Using a drug Norman’s company uses for experiments, he sedates his wife and leaves her in the bath to drown. The drug leaves her paralysed but awake, and so she watches as the water passes up and over her face, leaving only her panicked eyes above the surface. It’s a terrifying scenes that instils a real dread in the pit of your stomach. Whilst people do drown in bath tubs, here we have a murder being played out with an unrestrained victim who can see and hear everything. The entire sequence is played out from Claire’s perspective, as the sound design quickly swaps to that eerie noise you get underwater, muffled and disturbing. The terror in Claire’s eyes is haunting as she struggles to gain control of her body to save her own life.
Deep Red/Profundo Rosso (1975)
Dario Argento has always had a nasty habit of lingering his camera on murder victims. Even when the person is dead, the camera still hoovers over the body like some perverse spectator eager to catch the grisly remain on film. In a nasty scene, from his 1975 giallo film ‘Deep Red’, the black gloved killer drowns his victim in a bath of scalding water. The camera films from the killers POV, so as not to reveal the murderer’s identity, which gives us a unique, if not unpleasantly detailed, angle on this murder. The killer leaves the burned victim sprawled out on the bathroom floor. And as the camera remains on the body, a twist, the victim is not quite dead. In her dying moments, she scrawls a message on the wall. A message that fades as the condensation lifts and her body finally relinquish to her terrible injuries.
Red was a significant colour in the TV screen adaption of Stephen King’s IT from 1990. It was the colour of Penny-wise’s pom poms and hair, it was colour of the many balloons he conjured up and it was also the colour of the weird plant that sat outside Stan Uris’s bathroom. In this adaption, Stan (Richard Masur) is the last of the “Losers” to receive a call from his old friend Michael. Upon an awkward exchange, he hangs up the phone and heads upstairs for a bath, passing by the odd red plant. We had already established the connection between seeing red and a visit from IT, as red pom poms would often find a way of appearing on someone or something. I remember seeing that red plant and thinking “oh no, IT’s in THERE!”. And in a way….IT was. The clown never manifested itself like I imagined, but IT’s presence was heartily felt, as Stans wife enters the bathroom to find her husband dead in the tub, his wrist sliced through. As a pool of blood grows on the bathroom floor, the camera pulls up to reveal Stans last message to the world. Written in his own blood, one word. IT!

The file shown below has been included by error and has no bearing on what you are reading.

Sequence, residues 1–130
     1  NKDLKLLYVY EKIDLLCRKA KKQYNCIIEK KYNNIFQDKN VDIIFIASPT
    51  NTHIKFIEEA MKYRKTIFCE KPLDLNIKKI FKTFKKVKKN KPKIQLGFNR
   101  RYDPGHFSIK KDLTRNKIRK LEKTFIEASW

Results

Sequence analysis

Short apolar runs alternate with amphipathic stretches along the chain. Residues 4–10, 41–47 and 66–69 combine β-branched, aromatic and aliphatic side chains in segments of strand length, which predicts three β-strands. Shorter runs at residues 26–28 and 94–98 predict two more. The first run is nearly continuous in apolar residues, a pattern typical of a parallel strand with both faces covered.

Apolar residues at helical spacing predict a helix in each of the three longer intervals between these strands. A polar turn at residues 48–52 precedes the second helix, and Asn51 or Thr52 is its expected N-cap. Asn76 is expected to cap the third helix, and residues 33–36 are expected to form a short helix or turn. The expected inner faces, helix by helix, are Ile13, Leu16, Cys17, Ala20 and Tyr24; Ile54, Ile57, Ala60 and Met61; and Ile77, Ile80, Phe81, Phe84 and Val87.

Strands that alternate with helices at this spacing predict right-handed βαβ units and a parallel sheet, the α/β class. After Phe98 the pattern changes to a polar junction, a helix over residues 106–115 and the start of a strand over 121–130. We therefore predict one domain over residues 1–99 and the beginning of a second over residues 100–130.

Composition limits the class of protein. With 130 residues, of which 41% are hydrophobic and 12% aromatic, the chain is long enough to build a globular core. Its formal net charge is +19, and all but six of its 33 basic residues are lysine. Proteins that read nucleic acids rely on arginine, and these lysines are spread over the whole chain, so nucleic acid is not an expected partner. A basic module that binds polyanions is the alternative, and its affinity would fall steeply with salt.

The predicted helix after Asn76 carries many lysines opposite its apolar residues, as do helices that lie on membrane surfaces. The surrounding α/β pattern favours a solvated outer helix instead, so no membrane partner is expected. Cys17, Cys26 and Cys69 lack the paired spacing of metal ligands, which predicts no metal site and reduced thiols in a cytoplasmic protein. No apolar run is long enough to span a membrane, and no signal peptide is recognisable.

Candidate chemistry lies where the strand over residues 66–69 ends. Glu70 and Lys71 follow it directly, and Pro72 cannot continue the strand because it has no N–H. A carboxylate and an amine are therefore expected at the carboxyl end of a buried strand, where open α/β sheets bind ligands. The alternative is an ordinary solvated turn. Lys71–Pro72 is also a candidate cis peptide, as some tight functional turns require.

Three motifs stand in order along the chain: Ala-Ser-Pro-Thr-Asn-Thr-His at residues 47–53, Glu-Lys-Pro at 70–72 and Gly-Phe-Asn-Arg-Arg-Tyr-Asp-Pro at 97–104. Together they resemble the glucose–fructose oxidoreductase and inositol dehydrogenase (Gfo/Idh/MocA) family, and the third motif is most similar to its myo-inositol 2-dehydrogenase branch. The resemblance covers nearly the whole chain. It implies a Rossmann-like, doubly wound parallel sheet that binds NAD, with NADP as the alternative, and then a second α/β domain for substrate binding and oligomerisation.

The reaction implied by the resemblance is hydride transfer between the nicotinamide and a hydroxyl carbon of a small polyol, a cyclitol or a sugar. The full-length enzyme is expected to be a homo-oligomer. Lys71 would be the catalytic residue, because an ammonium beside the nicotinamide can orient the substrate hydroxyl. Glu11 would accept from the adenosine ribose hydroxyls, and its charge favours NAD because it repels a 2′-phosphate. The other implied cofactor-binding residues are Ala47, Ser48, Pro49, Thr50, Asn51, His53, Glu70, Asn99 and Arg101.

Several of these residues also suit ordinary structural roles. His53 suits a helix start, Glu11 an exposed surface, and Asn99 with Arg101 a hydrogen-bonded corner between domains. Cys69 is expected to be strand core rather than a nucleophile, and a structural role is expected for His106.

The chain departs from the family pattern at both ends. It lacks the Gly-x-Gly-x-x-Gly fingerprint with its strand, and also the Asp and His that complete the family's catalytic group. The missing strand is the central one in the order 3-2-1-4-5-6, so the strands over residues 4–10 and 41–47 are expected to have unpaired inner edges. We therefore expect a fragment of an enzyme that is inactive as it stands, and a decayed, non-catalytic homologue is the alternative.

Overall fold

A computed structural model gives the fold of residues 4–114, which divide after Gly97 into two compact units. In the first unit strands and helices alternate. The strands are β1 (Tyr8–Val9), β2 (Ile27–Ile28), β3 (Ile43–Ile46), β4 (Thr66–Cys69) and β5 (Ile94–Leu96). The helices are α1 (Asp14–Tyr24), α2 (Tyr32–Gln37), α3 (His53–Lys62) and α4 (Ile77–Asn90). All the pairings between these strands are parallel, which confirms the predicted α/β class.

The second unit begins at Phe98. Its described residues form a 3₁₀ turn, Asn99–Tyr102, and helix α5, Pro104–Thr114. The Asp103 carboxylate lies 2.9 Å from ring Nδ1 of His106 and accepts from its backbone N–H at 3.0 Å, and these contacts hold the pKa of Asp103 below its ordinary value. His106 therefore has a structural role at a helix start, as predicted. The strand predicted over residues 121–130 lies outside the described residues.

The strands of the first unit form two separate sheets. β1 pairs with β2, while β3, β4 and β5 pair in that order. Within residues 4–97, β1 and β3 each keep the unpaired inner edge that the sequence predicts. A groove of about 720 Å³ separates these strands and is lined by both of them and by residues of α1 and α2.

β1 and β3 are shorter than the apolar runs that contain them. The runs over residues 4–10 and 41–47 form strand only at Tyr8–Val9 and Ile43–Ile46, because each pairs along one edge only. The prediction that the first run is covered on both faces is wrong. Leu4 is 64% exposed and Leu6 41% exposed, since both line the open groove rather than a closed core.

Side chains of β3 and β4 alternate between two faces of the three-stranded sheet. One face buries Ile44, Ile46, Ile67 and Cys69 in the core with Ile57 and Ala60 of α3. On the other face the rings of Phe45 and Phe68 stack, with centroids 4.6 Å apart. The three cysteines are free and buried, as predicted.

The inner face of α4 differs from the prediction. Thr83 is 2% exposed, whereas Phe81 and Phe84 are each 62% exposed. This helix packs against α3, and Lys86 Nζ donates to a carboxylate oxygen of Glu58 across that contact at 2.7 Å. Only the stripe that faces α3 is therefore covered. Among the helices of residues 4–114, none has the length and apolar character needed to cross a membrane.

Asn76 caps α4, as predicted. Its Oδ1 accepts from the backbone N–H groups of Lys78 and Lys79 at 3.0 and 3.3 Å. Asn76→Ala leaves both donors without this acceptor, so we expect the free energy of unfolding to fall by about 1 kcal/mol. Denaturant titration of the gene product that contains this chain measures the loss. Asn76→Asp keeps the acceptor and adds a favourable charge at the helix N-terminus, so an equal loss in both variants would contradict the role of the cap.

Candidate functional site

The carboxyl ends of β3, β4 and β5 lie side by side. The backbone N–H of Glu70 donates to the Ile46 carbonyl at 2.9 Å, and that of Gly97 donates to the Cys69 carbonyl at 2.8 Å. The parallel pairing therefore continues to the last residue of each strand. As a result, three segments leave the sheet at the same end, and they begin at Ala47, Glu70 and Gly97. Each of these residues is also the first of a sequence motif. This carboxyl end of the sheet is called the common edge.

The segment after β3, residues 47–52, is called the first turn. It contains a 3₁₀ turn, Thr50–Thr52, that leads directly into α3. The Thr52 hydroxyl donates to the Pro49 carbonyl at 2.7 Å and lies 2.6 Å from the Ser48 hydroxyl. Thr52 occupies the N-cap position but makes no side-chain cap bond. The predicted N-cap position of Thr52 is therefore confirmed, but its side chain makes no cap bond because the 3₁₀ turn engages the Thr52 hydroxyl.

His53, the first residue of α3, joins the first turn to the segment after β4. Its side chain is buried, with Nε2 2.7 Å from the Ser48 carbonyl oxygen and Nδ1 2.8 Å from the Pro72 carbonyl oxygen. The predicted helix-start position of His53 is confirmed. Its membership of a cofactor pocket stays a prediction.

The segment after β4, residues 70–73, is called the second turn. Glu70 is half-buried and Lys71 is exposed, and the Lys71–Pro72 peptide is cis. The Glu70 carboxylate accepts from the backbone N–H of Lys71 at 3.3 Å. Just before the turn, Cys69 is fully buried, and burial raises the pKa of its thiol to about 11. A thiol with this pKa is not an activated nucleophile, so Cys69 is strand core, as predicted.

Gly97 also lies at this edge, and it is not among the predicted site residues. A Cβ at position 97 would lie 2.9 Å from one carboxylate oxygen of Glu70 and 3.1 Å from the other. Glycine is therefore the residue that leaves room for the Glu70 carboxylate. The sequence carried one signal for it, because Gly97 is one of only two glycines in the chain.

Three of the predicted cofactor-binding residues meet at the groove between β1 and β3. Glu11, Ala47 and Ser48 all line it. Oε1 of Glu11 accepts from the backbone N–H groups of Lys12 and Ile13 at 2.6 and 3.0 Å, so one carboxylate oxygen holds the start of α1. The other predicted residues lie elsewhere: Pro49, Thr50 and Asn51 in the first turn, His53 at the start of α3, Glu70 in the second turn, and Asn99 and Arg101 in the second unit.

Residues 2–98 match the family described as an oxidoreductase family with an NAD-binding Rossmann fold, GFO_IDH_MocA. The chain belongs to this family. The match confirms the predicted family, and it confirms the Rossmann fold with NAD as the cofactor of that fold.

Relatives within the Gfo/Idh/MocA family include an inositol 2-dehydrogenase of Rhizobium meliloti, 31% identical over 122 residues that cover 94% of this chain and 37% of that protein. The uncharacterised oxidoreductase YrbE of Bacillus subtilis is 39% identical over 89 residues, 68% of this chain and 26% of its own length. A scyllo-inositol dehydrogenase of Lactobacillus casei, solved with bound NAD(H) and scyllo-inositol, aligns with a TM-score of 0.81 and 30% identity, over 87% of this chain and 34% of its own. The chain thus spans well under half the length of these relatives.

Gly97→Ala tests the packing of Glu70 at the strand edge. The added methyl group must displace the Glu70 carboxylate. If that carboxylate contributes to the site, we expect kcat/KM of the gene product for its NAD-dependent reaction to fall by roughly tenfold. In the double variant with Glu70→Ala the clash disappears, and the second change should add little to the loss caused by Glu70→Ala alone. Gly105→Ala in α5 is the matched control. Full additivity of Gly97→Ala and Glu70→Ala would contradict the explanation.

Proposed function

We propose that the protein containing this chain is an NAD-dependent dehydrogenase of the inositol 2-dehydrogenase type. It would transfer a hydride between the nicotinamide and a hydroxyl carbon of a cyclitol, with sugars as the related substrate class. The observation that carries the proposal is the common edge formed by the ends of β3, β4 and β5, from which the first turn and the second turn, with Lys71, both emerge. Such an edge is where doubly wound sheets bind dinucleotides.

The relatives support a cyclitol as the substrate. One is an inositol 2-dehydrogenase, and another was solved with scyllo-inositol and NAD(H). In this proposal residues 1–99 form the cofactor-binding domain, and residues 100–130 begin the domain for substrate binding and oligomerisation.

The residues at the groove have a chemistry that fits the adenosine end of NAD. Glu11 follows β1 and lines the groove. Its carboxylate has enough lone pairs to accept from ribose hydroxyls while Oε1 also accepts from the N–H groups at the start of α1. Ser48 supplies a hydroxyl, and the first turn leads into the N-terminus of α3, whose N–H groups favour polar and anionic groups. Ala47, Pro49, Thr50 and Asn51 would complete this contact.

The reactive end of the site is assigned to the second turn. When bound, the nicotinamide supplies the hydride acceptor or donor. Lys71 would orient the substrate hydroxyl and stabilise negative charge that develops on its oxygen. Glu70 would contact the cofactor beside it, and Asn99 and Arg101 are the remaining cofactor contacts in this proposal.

Deadly Blessings (1981)
Martha Schmidt (Maren Jensen) is a victim of a near fat bathroom incident in Wes Craven’s weird misstep before A Nightmare on Elm Street. It’s strange to think that even before Craven conjured up Kruger, he had this weird fascination with young woman in bath tubs. Here in Deadly Blessing, an eerily similar scene plays out, the progenitor to Nancy’s bathroom attack three years later.